By Paul Magno | November 16, 2022

Janibek Alimkhanuly’s WBO middleweight title defense against Denzel Bentley over the weekend added zero clarity to the muddied middleweight picture. 

160 has historically been one of boxing’s glamour divisions, but it’s currently a muddled mess burdened with dubious boardroom titles, untested contenders, and two top-tier champions who don’t appear to be the least bit willing to entertain any top-tier challenges. 

So, let’s take a deep dive into the deep waters of a stagnant middleweight pond.

Gennadiy Golovkin sits atop the middleweight division, still, at 40 years of age, as the WBA and IBF world champ. That doesn’t mean, however, that the Kazakh is at all in the thick of things or even all that interested in fighting anyone of note in the division. 

Barely removed from a points loss to Saul “Canelo” Alvarez up at 168, Golovkin’s return to 160 doesn’t look like it will make any sort of splash whatsoever. The WBA had mandated a defense against their “regular” world champ Erislandy Lara, but then backtracked and allowed for “Triple G” to fight IBF mandatory Esquiva Falcao (who?). In recent days, however, rumors have emerged of Golovkin facing Australia’s Michael Zerafa next. Any way you slice it, though, Golovkin is ending his career in true-to-form fashion-- unwilling to tackle extreme difficulty unless it’s a guaranteed blockbuster (against Canelo). 

Right underneath Triple G is WBC champ Jermall Charlo who, miraculously, still holds that WBC belt despite not having fought since June of last year. Charlo’s reported back injury has put the 32-year-old on the shelf indefinitely and has frozen the belt and, also, one of the division’s top-two names.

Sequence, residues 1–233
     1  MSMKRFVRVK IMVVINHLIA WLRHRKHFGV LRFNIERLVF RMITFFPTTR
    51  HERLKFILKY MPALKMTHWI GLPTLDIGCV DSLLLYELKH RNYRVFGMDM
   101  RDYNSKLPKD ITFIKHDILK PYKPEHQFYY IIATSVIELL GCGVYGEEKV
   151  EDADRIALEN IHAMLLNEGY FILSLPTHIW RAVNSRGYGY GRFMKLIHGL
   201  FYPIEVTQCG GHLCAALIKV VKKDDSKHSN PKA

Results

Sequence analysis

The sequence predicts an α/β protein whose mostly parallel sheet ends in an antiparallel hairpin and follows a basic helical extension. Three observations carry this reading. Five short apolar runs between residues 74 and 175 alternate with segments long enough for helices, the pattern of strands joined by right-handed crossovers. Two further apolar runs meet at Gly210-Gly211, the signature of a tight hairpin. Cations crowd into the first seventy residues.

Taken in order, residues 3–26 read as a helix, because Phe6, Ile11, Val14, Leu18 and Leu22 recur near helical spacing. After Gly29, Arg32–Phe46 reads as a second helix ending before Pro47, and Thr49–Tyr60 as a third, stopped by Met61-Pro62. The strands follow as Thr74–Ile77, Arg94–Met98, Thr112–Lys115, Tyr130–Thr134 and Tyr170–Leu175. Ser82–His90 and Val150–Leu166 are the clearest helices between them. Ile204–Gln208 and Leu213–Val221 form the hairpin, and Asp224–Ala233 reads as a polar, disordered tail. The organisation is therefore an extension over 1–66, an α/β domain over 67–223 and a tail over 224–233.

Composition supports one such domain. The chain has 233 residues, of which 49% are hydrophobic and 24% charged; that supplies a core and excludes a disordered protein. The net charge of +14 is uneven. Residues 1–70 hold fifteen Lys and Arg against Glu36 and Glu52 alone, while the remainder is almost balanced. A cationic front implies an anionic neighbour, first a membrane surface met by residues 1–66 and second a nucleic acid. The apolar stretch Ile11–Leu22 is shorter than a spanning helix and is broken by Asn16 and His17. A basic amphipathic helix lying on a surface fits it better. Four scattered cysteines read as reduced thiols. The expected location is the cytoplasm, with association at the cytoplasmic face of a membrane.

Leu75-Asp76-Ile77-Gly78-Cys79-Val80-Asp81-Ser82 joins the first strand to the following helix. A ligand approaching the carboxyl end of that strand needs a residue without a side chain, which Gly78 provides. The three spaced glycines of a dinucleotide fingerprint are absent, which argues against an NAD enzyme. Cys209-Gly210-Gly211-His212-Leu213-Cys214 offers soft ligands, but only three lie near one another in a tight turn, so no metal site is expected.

The Dominican Republic’s Carlos Adames took the vacant interim WBC title when he thrashed Mexico’s Juan Macias Montiel in three rounds last month. And, while Adames is a better-than-hyped ring presence, he’s certainly no star. 

WBO champ Alimkhanuly is good, competent, and professional, but about as compelling as a visit to the DMV. Or, maybe, the lack of intrigue is due to a lack of compelling opposition for the Kazakh titlist. Thus far, the 29-year-old has fought nothing but retreads, no-hopers, and overmatched regional Euro talent. 

Outside the championship picture, the middleweight division isn’t exactly boiling over with competitive fury, either. 

Jaime Munguia, who is top contender in both the WBO and WBC, has turned down opportunities to fight Janibek Alimkhanuly for the WBO title, Jermall Charlo for the WBC title, and Carlos Adames for the WBC interim title. It’s clear that his people feel he’s just not ready for the next step up the competitive ladder. Instead, the 26-year-old Mexican will be facing light-hitting Argentine Gonzalo Gaston Coria next. Coria, by the way, was knocked out in two rounds by Alimkhanuly in 2020. 

Demetrius Andrade is off to 168. Chris Eubank Jr. is back and forth between 160 and 168, with a recent detour towards a nonsensical (and canceled) fluff fight with welterweight Conor Benn.

Beyond the names mentioned above, there’s not much at 160. 

Names such as Ryota Murata and Sergiy Derevyanchenko don’t inspire much intrigue at the top level (and are probably, to be honest, very much at the end of their runs). Maciej Sulecki, Felix Cash, Meiirim Nursultanov, Michael Zerafa, and Austin Williams also don’t generate any heat at the moment.  And, with none of the top junior middleweights ready to move up to 160 yet, there’s also not much intrigue on the horizon.

In a best case scenario, fans would get Golovkin vs. Lara (although, yeah, Lara is also well past his prime) with the winner fighting a returning Jermall Charlo for three-belt champ status. Then, Munguia and Alimkhanuly would step up their level of opposition to help determine a clear no. 1 contender for the new 160 lb. kingpin. 

But boxing is rarely a “best case scenario” world. In this “real” boxing world, there’s not much that can be done at 160. Unless some dynamo comes out of nowhere to rattle the boxing world, the division’s in for a long drought where the best are either disinterested in proving their superiority and/or waiting on better opportunities elsewhere while the best of the rest are not capable of ripping the reins from the disinterested leaders.

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